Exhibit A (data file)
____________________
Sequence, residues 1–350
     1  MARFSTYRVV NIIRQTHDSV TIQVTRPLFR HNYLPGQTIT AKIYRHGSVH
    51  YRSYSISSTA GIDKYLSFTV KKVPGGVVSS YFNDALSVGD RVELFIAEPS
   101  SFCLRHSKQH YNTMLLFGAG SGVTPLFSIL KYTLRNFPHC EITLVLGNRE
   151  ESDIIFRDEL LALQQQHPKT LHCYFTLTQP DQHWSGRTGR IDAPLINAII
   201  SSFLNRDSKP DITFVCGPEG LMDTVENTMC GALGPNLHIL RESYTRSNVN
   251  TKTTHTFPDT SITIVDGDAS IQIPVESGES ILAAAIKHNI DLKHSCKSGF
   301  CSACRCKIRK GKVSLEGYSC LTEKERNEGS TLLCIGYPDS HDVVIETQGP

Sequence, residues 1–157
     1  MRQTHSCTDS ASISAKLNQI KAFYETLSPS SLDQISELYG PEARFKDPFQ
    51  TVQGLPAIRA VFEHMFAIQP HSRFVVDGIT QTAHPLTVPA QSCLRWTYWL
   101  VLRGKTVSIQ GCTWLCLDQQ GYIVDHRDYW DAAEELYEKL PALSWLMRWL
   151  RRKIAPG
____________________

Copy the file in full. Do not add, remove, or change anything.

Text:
Sequence, residues 1–350
     1  MARFSTYRVV NIIRQTHDSV TIQVTRPLFR HNYLPGQTIT AKIYRHGSVH
    51  YRSYSISSTA GIDKYLSFTV KKVPGGVVSS YFNDALSVGD RVELFIAEPS
   101  SFCLRHSKQH YNTMLLFGAG SGVTPLFSIL KYTLRNFPHC EITLVLGNRE
   151  ESDIIFRDEL LALQQQHPKT LHCYFTLTQP DQHWSGRTGR IDAPLINAII
   201  SSFLNRDSKP DITFVCGPEG LMDTVENTMC GALGPNLHIL RESYTRSNVN
   251  TKTTHTFPDT SITIVDGDAS IQIPVESGES ILAAAIKHNI DLKHSCKSGF
   301  CSACRCKIRK GKVSLEGYSC LTEKERNEGS TLLCIGYPDS HDVVIETQGP

Sequence, residues 1–157
     1  MRQTHSCTDS ASISAKLNQI KAFYETLSPS SLDQISELYG PEARFKDPFQ
    51  TVQGLPAIRA VFEHMFAIQP HSRFVVDGIT QTAHPLTVPA QSCLRWTYWL
   101  VLRGKTVSIQ GCTWLCLDQQ GYIVDHRDYW DAAEELYEKL PALSWLMRWL
   151  RRKIAPG